Distribution of incorrect answers to all questions in groups of students and doctors, %

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Author contributions

Roman A. Bontsevich, MD, PhD, Associated Professor, pulmonologist, clinical pharmacologist and therapist; e-mail: dr.bontsevich@gmail.com, ORCID ID: 0000-0002-9328-3905. Being the author of the idea and the project coordinator, he analyzed the general results and provided the final conclusions, finalizing the article.

Alina V. Mikhno, MD, pediatrician; e-mail: alina_4619@list.ru, ORCID ID: 0000-0003-1789-4349. The author carried out an analysis of the results, made up the conclusions, was engaged in the discussion and editing the final version of the article.

Oksana V. Dudchenko, senior student, intern; e-mail: oksana.dudchenko2010@yandex.ru, ORCID ID: 0000-0003-1706-6738. The author conducted an analysis of the results, suggested the conclusions, was engaged in the discussion and editing the article.

Galina A. Batisheva, Doctor of Medical Sciences, Full Professor, Head of the Department of Clinical Pharmacology; e-mail: bat13@mail.ru, ORCID ID: 0000-0002-4113-5206. The author was responsible for conducting the regional study in Voronezh.

Galina G. Prozorova, MD, PhD, Doctor of Medical Sciences, Professor of the Department of Therapeutic Disciplines of the Institute of Additional Education; e-mail: prozorovagg@gmail.com, ORCID ID: 0000-0001-8675-1590. The author was responsible for conducting the regional study among doctors in Voronezh.

Tatiana M. Shagieva, MD, pulmonologist, consultant to the Outpatient Clinic “Garmoniya Zdorov’ya”; e-mail: shagievatatiana@gmail.com, ORCID ID: 0000-0001-5866-7615. The author was responsible for carrying out the regional study among doctors in Belgorod.

Elena V. Milutina, senior student, intern; e-mail: milutina.elena2011@yandex.ru, ORCID ID: 0000-0001-6104-2034. The author conducted the data collection and registration in Belgorod region.

Yuliya M. Dronova, MD, PhD, Department of Clinical Pharmacology; e-mail: y.dronova@yandex.ru, ORCID ID: 0000-0003-4513-091X. The author was responsible for conducting the regional study among doctors in Voronezh.

Olena V. Myronenko, MD, PhD, Associated Professor of the Department of Internal Medicine №1; e-mail: drolenamyronenko@gmail.com, ORCID ID: 0000-0003-3514-3338. The author was responsible for conducting a regional study in Dnepr (Dnipro).

Galina G. Ketova, MD, PhD, Full Professor of the Department of Outpatient Therapy and Clinical Pharmacology; e-mail: galina_ketova@mail.ru, ORCID ID: 0000-0002-4678-6841. The author was responsible for conducting the regional study in Chelyabinsk.

Valeriya O. Barysheva, MD, PhD, Assistant Professor of the Department of Outpatient Therapy and Clinical Pharmacology; e-mail: valeriya.bar@mail.ru, ORCID ID: 0000-0001-7762-7854. The author was responsible for conducting the regional study in Chelyabinsk.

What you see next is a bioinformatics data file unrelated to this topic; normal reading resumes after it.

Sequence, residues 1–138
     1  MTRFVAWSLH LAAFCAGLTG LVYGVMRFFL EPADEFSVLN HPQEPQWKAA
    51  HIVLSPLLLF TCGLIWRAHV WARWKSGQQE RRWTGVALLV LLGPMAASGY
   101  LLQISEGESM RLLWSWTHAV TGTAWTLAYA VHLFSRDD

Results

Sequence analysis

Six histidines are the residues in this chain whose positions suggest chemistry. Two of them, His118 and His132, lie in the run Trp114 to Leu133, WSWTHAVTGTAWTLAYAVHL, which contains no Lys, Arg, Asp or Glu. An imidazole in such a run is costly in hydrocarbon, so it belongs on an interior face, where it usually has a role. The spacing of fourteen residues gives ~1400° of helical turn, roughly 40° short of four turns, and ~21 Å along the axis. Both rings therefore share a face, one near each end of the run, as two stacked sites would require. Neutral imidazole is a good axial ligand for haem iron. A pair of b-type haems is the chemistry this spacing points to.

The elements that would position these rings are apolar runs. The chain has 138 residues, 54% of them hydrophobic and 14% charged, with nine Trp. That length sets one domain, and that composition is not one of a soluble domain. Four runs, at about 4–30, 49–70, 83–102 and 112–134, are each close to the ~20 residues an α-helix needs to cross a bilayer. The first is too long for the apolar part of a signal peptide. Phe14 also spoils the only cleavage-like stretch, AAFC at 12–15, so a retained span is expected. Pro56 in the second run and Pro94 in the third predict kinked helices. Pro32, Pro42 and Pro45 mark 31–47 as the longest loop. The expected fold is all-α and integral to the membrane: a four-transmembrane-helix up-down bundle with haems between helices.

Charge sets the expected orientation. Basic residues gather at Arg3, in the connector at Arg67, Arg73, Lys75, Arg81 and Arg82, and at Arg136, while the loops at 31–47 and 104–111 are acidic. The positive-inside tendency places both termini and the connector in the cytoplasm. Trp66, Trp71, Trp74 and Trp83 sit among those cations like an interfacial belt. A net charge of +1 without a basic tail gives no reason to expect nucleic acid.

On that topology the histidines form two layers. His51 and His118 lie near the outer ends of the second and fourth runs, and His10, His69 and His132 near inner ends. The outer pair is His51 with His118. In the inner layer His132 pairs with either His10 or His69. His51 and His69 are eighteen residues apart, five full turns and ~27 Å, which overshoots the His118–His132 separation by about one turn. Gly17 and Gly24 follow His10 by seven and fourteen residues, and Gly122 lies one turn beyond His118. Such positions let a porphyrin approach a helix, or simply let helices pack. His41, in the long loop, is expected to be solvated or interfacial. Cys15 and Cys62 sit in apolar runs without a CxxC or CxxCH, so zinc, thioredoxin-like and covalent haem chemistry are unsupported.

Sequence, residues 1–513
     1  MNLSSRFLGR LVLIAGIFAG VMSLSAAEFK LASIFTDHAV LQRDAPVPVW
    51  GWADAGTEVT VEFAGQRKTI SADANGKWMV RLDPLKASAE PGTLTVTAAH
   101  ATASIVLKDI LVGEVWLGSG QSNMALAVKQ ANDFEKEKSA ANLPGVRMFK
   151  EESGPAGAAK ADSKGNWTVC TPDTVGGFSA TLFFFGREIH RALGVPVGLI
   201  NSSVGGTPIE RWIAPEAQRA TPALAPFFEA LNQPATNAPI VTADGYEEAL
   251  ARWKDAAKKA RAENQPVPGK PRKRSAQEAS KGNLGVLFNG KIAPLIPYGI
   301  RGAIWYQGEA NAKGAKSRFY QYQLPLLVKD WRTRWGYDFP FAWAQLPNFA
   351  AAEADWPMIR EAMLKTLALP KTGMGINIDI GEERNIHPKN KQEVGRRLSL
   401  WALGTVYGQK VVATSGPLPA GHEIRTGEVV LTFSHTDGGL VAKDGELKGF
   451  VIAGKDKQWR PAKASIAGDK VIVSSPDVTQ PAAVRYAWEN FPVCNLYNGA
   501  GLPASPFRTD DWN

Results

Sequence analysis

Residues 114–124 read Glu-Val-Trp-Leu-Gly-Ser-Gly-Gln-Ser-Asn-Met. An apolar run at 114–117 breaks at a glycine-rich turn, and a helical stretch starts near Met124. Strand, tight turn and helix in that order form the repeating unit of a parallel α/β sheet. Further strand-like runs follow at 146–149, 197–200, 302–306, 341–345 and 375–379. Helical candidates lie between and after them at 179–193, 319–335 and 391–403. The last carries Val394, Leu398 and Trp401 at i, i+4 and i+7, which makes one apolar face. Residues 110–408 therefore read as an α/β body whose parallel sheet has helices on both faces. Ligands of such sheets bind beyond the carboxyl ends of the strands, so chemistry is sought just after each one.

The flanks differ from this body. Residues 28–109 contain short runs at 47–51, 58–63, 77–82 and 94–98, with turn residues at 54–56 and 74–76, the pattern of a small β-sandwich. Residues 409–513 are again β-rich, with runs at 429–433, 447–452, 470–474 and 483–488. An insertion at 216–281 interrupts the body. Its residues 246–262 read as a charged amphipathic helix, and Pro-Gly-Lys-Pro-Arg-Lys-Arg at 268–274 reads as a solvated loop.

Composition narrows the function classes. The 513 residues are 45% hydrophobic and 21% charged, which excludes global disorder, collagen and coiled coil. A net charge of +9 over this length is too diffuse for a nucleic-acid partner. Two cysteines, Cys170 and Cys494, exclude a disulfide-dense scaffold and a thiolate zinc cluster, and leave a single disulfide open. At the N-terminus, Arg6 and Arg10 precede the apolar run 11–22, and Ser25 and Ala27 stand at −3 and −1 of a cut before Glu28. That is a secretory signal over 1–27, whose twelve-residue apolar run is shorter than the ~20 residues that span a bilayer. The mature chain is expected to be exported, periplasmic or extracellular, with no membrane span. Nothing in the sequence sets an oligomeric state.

Elena V. Luchinina, MD, PhD, Associated Professor of the Department of Clinical Pharmacology; e-mail: ELuchinina@gmail.com, ORCID ID: 0000-0002-3120-8491. The author was responsible for conducting the regional study in Saratov.

Irina P. Galkina, MD, PhD, pulmonologist, Out-patient hospital №6; e-mail: evseevaip@mail.ru, ORCID ID: 0000-0002-7899-555X. The author was responsible for conducting the regional study in Smolensk.

Olga G. Kompaniets, MD, PhD, Associated Professor of the First Therapy Department; e-mail: olga-kompaniets1@yandex.ru, ORCID ID: 0000-0001-9449-9241.The author was responsible for conducting the regional study in Krasnodar Territory.

Zhanna S. Zhdanova, MD, pediatrician; e-mail: personanongrataj@mail.ru, ORCID ID: 0000-0002-5874-1763. The author was responsible for conducting the regional study in Belgorod region.

Elizaveta Y. Ebzeeva, MD, PhD, Associated Professor of the Department of Therapy; e-mail: veta-veta67@mail.ru, ORCID ID: 0000-0001-6573-4169. The author was responsible for conducting the regional study in Moscow.

Irina F. Krotkova, MD, PhD, Associated Professor of the Department of Therapy; e-mail: KROTIRA@mail.ru, ORCID ID: 0000-0002-9597-1648. The author was responsible for conducting the regional study in Moscow.

Guzel M. Bikkinina, MD, PhD, Full Professor of the Department of Pharmacology with the Course of Clinical Pharmacology; e-mail: bikkinina.ru@mail.ru, ORCID ID: 0000-0002-0116-5128. The author was responsible for conducting the regional study in Ufa.

Maxim L. Maximov, MD, PhD, Doctor of Medical Sciences, Head of the Department of Clinical Pharmacology and Pharmacotherapy; e-mail: maksim_maksimov@mail.ru, ORCID ID: 0000-0002-8979-8084. The author was responsible for conducting the regional study in Kazan.

Elena N. Bochanova, MD, PhD, Doctor of Medical Sciences, Associated Professor of the Department of Pharmacology and Pharmaceutical Consulting with a Postgraduate Education Course; e-mail: bochanova@list.ru, ORCID ID: 0000-0003-4371-2342. The author was responsible for conducting the regional study in Krasnoyarsk.

Ulangul M. Tilekeeva, MD, Professor, Head of the Department of Basic and Clinical Pharmacology; e-mail: ulangul@mail.ru, ORCID ID: 0000-0002-8407-8248. The author was responsible for conducting the regional study in Bishkek.